I'd hesitate to say almost every graphic designer has taken the career path you indicate. Most start out with some artistic sense and then build upon it.
There is an important distinction between "artistic skill" or sense and "drawing" which your linked question refers to. Every successful designer must have an artistic skill or sense. One must understand lighting, space, color, relation, proximity, balance, etc. All of these are artistic skills even if they do not relate to drawing specifically.
There are several careers which all require an artistic sense - Photography, design, architecture, writing, painting, engineering, etc. Pretty much anything creative requires some idea of what does and does not work with human perception. Then, depending upon the specific field, there are technical considerations to learn.
From the point of an artist looking to "commercialize" their talents it becomes a matter of learning the route of production for whatever field they are trying to enter. For example, if one wants to go into furniture design, all the best sketches and drawings in the world are no good if the furniture can't actually be constructed. The artist needs to learn about construction or physical restrictions then draw with those in mind.
This same aspect holds true for design. Having a great drawing ability can be very helpful. However, to be a designer you need to know about production methods for any specific area.
If looking at web design, a good designer needs to understand what is and is not possible with web building. I've always stated that a "web designer" who can not code by hand, is not a web designer. I don't mean complex .net or php applications, but basic front end HTML, CSS, and perhaps jQuery should be a requirement for any person referring to themselves as a "web designer". Just my opinion.
If considering print design one must learn about the entire print processes (platemaking, imagesetters, stripping, separations, etc) in order to be a great print designer. Again, all the pretty Photoshop images in the world mean nothing if they can't be reproduced accurately. To this end I always recommend either basic college courses covering the production aspects of design. Even if they are merely a couple semesters of community college and not a full degree. Or conversely, a year working at a print shop will teach the same aspects. I don't mean copy shops like Kinkos, but actual places with presses and ink.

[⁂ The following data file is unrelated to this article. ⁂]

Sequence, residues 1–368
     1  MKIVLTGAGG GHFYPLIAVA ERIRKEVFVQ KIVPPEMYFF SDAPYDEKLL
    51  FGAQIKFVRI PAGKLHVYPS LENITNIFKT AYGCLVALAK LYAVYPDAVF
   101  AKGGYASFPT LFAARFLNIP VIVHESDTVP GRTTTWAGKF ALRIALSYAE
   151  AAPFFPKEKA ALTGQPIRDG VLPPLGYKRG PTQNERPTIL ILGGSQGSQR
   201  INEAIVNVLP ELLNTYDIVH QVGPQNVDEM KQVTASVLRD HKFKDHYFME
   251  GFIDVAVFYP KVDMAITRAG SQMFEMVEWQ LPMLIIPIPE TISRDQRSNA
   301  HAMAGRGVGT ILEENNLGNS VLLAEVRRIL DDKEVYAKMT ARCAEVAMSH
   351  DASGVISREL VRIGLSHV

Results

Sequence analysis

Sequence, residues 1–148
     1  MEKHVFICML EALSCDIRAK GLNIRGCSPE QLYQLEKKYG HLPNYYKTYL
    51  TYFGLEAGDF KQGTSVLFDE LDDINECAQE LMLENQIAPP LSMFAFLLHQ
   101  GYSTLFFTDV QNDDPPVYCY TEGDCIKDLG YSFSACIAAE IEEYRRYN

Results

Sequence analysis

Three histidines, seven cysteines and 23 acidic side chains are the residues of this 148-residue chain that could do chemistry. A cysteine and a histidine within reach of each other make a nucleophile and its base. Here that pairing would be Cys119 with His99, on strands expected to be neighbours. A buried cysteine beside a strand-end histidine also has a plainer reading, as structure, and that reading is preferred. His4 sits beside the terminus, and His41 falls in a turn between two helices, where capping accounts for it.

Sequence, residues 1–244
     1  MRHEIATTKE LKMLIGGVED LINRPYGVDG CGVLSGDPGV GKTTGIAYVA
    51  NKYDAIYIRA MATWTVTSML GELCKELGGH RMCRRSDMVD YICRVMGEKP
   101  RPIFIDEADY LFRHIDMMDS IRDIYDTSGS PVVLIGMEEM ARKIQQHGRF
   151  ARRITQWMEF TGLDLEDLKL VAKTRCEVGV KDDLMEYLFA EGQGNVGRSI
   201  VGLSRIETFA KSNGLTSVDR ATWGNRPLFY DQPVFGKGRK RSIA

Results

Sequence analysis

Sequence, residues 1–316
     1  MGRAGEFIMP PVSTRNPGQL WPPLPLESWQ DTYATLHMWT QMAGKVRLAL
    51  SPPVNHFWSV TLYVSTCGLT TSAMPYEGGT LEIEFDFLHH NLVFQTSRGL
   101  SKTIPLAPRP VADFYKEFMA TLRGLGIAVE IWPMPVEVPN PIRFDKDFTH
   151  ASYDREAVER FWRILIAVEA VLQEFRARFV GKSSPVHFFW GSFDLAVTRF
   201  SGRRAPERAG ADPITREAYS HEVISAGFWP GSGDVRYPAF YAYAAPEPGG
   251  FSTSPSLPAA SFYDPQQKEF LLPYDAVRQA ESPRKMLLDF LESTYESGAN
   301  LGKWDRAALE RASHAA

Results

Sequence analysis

Beyond knowing the production aspects for a chosen direction, any good designer should have an understanding of marketing as well. It is practically impossible to create an aesthetically pleasing and working design unless a designer understands the target audience. The designer needs to understand what is more pleasing to women vs. men, old vs. young, rich vs. working class. This all falls a but into psychology of sales - knowing what colors work for your market, what type sizes to use for the market, etc.
All of the the above can be learned "on the job" so to speak. But actually finding employers willing to teach you from the ground up is very difficult anymore. There are more and more young designers begin churned out of schools every year. According to Fox Business unemployment for arts degrees is rising regularly. If those with degrees, proving they know the technical aspects of design, can't find employment that simply means those without an arts degree are in for a more difficult struggle. I'd say that at least some college has become a requirement due to the popularity of the field in general. There's little reason an employer should "gamble" on an non-degreed designer if there are 50 degreed designers looking for jobs. Of course a truly outstanding portfolio can outweigh experience and degrees to an extend, but it is in no way an either or situation. Few get a job based solely on the portfolio, no matter how nice it may be.
If the intent is to simply freelance from the start, I suppose that's possible if expectations are set accordingly. Few ever get "rich" freelance designing. But it is quite possible to make a stable, decent, living in many cases. However one would need to start small, working on design part time while being employed elsewhere to pay the bills. From there it's simply a matter of finding and building a stable of steady clients who pay on time and return for more projects. Building that stable of clients can take years. However, I tell designers I speak to that once they have a minimum of 8 months living expenses saved and are making at least 60% of their monthly bills via design work on a regular basis, then it may be an appropriate time to look at freelancing full time.